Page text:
Knight Professor of Science and Environmental Journalism at the University of California, Berkeley, School of Journalism. He’s written several books about food, including The Botany of Desire, The Omnivore’s Dilemma, In Defense of Food: An Eater’s Manifesto, Food Rules: An Eater’s Manual, and the forthcoming Cooked: A Natural History of Transformation.
From California’s Proposition 37 initiative to New York City’s soda ban, journalist and best-selling author Michael Pollan argues that local efforts hold the key to challenging the agricultural industry’s stranglehold over national food policy. With companies like Monsanto influencing Congress and state legislatures, Pollan warns the United States risks falling into a "two-class food system," where only those who can afford to live outside the industrial food system can access healthy ways to eat. Among the nation’s leading writers and thinkers on food and food policy, Pollan is a professor at the University of California, Berkeley, School of Journalism and author of several best-selling books, including "In Defense of Food: An Eater’s Manifesto." [includes rush transcript]
AMY GOODMAN: This is Food Day, and we are speaking with Michael Pollan. In late 2010, Democracy Now! spoke to Jeffrey Smith, the executive director of the Institute for Responsible Technology. I asked him about the U.S. diplomatic cables released by WikiLeaks that revealed that the Bush administration drew up ways to retaliate against Europe for refusing to use genetically modified seeds.
JEFFREY SMITH: Well, we’ve been saying for years that the United States government has joined at—is joined at the hip with Monsanto and pushing GMOs as part of Monsanto’s agenda on the rest of the world. This lays bare the mechanics of that effort. We have Craig Stapleton, the former ambassador to France, specifically asking the U.S. government to retaliate and cause some harm throughout the European Union. And then, two years later, in 2009, we have a cable from the ambassador to Spain from the United States asking for intervention there, asking the government to help formulate a biotech strategy and support the government—members of the government in Spain that want to promote GMOs, as well. And here, they specifically indicate that they sat with the director of Monsanto for the region and got briefed by him about the politics of the region and created strategies with him to promote the GMO agenda.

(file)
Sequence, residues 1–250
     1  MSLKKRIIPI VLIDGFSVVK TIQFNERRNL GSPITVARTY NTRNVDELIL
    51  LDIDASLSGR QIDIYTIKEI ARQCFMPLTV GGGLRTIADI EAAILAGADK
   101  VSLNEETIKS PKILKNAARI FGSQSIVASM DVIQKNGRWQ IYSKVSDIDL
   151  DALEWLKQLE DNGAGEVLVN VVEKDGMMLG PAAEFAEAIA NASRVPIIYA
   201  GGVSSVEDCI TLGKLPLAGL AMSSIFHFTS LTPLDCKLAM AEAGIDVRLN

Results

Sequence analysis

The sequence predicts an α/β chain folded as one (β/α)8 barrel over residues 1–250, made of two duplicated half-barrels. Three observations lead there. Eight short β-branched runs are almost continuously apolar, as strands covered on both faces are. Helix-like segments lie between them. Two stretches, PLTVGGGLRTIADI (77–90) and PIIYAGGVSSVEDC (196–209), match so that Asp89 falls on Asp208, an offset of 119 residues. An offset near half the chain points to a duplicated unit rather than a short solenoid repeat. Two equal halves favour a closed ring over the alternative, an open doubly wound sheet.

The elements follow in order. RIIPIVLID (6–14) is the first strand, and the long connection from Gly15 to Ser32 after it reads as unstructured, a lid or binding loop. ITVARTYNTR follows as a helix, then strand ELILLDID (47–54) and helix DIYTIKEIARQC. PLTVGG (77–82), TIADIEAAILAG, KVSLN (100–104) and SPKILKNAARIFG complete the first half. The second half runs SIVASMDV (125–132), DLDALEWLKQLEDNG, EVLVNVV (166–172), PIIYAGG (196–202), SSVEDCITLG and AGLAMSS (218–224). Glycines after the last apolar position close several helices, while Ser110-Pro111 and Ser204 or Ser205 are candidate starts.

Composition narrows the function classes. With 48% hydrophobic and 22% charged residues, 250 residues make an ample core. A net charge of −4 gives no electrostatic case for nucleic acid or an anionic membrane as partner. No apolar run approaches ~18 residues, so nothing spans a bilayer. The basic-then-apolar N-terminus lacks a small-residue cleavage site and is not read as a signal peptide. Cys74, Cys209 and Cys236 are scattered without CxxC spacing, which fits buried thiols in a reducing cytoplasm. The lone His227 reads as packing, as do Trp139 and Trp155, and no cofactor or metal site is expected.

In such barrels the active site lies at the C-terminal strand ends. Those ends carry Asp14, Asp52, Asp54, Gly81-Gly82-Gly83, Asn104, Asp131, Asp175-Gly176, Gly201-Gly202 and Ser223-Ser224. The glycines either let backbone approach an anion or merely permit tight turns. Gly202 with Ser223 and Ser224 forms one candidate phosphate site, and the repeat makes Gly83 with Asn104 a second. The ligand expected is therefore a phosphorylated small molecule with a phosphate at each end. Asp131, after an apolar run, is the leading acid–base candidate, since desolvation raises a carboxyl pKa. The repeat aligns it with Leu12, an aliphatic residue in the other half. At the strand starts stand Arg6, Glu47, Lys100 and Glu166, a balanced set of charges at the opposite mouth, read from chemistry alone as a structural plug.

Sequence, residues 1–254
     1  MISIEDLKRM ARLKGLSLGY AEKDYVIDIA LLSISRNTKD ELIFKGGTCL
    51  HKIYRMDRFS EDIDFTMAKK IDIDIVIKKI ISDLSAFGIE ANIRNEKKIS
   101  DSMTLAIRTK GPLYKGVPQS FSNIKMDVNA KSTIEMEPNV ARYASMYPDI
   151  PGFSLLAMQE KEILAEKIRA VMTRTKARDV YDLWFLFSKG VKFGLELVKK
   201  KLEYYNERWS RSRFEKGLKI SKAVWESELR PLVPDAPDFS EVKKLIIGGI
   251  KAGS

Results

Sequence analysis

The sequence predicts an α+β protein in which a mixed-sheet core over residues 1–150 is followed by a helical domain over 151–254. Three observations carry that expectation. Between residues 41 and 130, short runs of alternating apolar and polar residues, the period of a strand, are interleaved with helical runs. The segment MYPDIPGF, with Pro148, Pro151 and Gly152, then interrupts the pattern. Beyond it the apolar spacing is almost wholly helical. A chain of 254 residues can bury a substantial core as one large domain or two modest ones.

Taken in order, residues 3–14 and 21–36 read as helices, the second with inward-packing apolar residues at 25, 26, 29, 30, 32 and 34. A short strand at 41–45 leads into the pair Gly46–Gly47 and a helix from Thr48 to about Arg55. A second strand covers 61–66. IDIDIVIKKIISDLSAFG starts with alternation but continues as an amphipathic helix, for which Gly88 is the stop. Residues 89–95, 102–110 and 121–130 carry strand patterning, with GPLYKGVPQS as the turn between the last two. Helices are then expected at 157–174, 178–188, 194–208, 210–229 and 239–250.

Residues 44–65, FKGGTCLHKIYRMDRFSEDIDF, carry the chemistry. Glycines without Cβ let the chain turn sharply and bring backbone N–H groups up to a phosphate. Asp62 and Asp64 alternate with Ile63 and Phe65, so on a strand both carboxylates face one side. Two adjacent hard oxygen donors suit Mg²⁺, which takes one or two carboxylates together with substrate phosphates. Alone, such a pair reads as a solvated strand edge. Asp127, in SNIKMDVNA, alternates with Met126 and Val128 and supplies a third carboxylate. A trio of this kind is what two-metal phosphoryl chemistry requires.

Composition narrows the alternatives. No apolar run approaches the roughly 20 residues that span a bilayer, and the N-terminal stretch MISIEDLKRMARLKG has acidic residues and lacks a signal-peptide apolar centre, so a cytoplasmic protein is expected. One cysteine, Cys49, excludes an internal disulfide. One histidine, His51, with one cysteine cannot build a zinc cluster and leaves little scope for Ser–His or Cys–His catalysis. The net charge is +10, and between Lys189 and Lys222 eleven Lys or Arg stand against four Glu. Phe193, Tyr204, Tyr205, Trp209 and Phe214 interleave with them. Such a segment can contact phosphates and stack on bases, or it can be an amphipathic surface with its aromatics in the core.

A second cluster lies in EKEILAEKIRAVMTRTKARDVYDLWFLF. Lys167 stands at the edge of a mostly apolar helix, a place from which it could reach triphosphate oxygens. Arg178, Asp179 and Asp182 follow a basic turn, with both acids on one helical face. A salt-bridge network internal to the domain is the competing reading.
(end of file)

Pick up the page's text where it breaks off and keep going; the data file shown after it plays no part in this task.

AMY GOODMAN: That was Jeffrey Smith. Michael Pollan, your response?
MICHAEL POLLAN: Well, you know, our government has been promoting Monsanto’s products and the technology of genetic engineering. Both parties, as I said earlier, have supported this—the Democrats very early on. Remember the era of industrial policy—I’m sure you do, Amy—where the Democrats would pick out certain industries to promote to bring back the economy during the first Bush administration. Well, biotech was one of the ones they chose. The biotech industry and Monsanto was very close to Bill Clinton, in particular. And so, you’ve had—this is an American product that we’re promoting overseas. There’s nothing unusual about that. And it just happens to be a product a lot of people around the world don’t want. And, you know, it’s important to remember that other countries have had their debate, and they’ve decided they want to label this.
We can’t have that debate in Washington, because Monsanto has closed off all the avenues of debate. We can’t have it in state legislatures—same reason: lobbying money has closed off the avenues. In Congress, Dennis Kucinich has—you know, has introduced bills to label GM for every year since they were introduced. He’s never gotten more than a handful of co-sponsors. This bubbling up of the issue in California, through our crazy initiative process, is the only—the only way that it has managed to come before the public. And it’s a politics that’s very hard to stamp out, though God knows they’re trying, and they may succeed. And I think that, in itself, is a—is a pretty worrisome phenomenon.
And we’re seeing it on soda taxes, too, where the food industry, when challenged by people, fights back with deceptive advertising, tons of money, and so far has held the—held the ground on soda taxes nationally, spending hundreds of millions of dollars. They have pretty much held the ground on labeling GM also, by spending tens of millions of dollars. You know, we’re in this era where corporate speech is—has First Amendment rights, and they are using it very, very effectively.